Unless the regulatory paradigm fairly balances the interests of both load and generation, the utility industry will be condemned to continued upheaval.
Load as a Resource
Integrating controllable demand into real-time, security constrained economic dispatch.
Security constrained economic dispatch (SCED) has long been recognized as the most efficient approach to operating a multi-unit electric grid. However, policy makers also have recognized that improvements to the standard SCED algorithms are possible and would be beneficial. For example, the Energy Policy Act of 2005 directed the FERC to convene a Joint Board to examine SCED in the various regions. The board’s report dated May 24, 2006 , contained a number of recommendations for improvements to SCED practices.
The Joint Board defined SCED as “the operation of generation facilities to produce energy at the lowest cost to reliably serve consumers, recognizing any operational limits, of generation and transmission facilities.” As the board noted, “SCED is designed to be an optimization process that takes account of these factors in selecting the generating units to dispatch so that a reliable supply of electricity at the lowest cost possible under the conditions prevailing in each dispatch time interval can be delivered.”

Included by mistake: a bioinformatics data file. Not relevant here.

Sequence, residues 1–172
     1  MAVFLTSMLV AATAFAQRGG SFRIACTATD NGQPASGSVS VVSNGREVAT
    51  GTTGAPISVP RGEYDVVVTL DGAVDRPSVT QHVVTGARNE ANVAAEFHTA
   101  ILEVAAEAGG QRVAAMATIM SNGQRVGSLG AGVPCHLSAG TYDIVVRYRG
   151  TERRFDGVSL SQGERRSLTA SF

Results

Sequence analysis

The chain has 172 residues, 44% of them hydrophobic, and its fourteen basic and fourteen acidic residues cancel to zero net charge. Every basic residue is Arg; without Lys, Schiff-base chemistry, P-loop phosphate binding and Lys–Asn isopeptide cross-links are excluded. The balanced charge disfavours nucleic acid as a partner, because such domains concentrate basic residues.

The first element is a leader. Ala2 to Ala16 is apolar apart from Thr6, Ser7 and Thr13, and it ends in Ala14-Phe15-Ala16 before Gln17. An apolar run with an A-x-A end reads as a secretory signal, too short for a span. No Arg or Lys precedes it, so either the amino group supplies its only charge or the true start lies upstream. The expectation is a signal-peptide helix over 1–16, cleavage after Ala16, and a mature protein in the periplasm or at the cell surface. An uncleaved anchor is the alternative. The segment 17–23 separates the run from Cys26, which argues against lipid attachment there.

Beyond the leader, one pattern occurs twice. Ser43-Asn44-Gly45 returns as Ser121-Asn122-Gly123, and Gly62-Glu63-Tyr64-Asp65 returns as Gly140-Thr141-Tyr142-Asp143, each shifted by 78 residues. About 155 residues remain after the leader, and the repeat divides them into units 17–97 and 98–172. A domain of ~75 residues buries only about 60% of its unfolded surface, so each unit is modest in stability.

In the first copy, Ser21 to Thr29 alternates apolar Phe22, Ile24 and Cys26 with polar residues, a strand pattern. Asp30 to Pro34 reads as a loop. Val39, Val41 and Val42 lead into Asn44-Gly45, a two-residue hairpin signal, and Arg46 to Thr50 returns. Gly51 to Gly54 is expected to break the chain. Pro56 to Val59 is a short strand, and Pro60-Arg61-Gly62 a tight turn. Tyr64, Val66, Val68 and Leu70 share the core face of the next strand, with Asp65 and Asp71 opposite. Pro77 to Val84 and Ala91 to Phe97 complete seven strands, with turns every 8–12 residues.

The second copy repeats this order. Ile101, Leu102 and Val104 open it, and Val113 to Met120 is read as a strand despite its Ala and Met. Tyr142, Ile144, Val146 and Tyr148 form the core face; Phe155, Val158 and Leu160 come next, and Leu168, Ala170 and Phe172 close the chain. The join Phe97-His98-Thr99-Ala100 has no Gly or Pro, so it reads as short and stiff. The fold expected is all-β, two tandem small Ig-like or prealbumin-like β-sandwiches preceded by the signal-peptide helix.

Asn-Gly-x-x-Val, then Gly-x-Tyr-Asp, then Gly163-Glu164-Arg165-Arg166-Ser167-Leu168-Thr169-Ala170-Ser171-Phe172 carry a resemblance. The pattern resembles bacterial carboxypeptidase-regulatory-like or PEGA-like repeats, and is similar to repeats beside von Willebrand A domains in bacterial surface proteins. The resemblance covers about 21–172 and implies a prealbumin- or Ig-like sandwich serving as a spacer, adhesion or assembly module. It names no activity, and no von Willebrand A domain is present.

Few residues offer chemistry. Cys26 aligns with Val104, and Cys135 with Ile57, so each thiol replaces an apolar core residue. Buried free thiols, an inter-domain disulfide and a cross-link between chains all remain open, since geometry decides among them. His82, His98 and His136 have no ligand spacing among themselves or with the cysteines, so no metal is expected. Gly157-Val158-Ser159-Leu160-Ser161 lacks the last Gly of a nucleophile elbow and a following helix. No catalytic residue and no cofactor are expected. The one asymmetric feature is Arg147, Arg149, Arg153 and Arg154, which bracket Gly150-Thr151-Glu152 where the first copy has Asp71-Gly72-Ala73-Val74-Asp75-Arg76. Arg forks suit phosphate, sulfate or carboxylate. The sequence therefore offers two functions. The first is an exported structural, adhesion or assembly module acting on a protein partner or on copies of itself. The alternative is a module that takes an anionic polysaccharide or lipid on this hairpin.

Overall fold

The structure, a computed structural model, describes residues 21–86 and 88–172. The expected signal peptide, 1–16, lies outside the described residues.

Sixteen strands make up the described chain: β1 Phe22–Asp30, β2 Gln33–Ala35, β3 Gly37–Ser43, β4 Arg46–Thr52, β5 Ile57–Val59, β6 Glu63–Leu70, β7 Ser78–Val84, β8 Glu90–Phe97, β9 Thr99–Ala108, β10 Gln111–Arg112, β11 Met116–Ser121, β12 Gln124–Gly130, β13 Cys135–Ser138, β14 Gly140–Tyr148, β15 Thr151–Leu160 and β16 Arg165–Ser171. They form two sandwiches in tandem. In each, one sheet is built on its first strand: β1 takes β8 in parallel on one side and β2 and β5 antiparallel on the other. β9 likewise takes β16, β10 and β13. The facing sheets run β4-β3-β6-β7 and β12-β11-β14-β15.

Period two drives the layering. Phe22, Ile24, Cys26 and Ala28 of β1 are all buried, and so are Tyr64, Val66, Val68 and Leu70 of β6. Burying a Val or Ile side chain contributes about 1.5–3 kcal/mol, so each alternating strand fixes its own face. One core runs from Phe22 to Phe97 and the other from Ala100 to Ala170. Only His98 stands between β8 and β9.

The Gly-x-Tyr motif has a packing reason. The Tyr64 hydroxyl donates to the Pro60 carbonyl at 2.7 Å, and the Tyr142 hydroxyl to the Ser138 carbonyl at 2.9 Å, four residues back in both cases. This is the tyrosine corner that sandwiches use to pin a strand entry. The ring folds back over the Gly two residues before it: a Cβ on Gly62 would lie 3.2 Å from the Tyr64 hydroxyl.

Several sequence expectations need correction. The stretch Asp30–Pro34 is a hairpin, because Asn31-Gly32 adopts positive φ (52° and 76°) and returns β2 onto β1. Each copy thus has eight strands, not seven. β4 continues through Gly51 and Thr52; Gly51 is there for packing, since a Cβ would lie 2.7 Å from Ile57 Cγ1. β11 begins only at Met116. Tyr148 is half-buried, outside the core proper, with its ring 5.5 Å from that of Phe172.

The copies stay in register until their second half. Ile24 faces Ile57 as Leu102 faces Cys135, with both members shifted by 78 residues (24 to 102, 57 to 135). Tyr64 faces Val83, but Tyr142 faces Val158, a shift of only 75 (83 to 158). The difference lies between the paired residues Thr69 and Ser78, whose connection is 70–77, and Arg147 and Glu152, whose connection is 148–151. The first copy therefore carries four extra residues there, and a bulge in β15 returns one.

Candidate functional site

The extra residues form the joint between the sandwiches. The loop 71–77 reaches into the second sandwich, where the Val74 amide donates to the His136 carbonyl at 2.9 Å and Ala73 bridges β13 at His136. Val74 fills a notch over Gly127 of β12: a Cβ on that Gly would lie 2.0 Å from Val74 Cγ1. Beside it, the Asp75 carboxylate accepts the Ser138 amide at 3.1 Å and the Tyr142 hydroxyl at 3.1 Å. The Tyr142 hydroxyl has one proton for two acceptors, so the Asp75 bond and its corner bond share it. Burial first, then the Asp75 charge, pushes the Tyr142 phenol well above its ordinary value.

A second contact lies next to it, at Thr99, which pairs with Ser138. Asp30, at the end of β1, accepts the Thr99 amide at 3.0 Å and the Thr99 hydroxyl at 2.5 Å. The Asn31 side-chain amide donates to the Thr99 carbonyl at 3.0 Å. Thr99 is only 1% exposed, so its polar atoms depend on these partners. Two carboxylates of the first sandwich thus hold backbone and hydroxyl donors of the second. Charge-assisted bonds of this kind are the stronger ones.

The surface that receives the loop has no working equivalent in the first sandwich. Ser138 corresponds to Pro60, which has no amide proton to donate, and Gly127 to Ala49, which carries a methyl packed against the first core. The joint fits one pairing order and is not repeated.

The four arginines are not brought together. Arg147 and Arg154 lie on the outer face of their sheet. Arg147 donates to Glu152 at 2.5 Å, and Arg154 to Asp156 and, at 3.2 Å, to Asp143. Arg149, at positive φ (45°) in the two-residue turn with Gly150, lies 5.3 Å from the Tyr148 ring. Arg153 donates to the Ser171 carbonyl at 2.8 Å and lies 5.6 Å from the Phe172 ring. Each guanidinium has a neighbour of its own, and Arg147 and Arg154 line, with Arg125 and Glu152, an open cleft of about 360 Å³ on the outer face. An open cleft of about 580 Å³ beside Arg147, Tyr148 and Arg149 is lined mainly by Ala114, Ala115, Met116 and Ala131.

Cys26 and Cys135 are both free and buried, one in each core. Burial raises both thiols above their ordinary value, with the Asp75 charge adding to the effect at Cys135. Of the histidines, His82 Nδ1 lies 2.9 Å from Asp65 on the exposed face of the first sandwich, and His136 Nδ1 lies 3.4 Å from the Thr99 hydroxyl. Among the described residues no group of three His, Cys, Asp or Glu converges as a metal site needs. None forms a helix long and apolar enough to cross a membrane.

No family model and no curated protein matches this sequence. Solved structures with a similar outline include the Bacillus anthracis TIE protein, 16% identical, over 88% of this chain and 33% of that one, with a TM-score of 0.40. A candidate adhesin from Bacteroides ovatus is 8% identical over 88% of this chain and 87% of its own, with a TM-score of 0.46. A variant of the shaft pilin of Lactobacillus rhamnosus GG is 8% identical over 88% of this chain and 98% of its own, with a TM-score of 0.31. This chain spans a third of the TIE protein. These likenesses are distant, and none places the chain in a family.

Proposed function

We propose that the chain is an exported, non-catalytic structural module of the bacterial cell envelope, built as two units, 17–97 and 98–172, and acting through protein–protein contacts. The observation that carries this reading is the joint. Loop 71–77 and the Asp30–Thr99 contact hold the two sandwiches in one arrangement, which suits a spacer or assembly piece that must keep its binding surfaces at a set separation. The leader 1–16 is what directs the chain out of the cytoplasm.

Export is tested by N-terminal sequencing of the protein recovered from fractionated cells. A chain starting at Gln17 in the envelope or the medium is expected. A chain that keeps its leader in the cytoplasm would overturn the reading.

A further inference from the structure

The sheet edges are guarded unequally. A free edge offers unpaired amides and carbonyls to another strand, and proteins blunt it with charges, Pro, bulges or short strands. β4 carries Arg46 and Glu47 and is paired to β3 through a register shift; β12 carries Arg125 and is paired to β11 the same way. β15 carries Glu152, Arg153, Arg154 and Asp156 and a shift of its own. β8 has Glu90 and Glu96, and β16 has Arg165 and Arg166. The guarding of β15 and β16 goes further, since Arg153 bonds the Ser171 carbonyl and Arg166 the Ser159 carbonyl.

The Joint Board made several recommendations for improvements in SCED, and stated that “The PJM and MISO markets must develop more ways for demand response to participate in the dispatch… Most of the electricity demand enters into the SCED algorithm as non-price responsive must-serve load. It is treated as load that must be served and energy that must be provided regardless of price, taking into account the practical limits of the system. Such large levels of non-price responsive demand provide conditions precedent for volatile spot prices.” The board went on to note that demand response capability increases the efficiency of SCED by increasing dispatch flexibility and resource diversity, and urged the RTOs to improve demand-side participation in dispatch.
On March 15, 2011, the FERC published Order 745. The order provides the financial compensation that is a necessary corollary to the Joint Board’s earlier recommendation. In that order, FERC required grid operators to eliminate the historic discrimination between the pricing of traditional in front of the meter generation and behind the meter demand resources on the grid. The FERC correctly held :